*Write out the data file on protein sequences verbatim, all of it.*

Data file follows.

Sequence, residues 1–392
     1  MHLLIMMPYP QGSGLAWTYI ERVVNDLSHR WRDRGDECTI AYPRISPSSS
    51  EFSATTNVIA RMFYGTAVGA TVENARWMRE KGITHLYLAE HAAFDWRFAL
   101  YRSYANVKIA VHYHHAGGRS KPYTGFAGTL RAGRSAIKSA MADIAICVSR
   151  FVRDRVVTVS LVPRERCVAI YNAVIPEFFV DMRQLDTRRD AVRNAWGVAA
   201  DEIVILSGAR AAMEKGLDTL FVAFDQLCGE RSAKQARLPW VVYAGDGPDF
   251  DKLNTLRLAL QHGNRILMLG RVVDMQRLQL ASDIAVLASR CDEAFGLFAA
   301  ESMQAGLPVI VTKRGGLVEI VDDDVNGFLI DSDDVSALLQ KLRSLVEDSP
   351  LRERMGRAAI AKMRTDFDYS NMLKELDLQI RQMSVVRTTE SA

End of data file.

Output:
Sequence, residues 1–392
     1  MHLLIMMPYP QGSGLAWTYI ERVVNDLSHR WRDRGDECTI AYPRISPSSS
    51  EFSATTNVIA RMFYGTAVGA TVENARWMRE KGITHLYLAE HAAFDWRFAL
   101  YRSYANVKIA VHYHHAGGRS KPYTGFAGTL RAGRSAIKSA MADIAICVSR
   151  FVRDRVVTVS LVPRERCVAI YNAVIPEFFV DMRQLDTRRD AVRNAWGVAA
   201  DEIVILSGAR AAMEKGLDTL FVAFDQLCGE RSAKQARLPW VVYAGDGPDF
   251  DKLNTLRLAL QHGNRILMLG RVVDMQRLQL ASDIAVLASR CDEAFGLFAA
   301  ESMQAGLPVI VTKRGGLVEI VDDDVNGFLI DSDDVSALLQ KLRSLVEDSP
   351  LRERMGRAAI AKMRTDFDYS NMLKELDLQI RQMSVVRTTE SA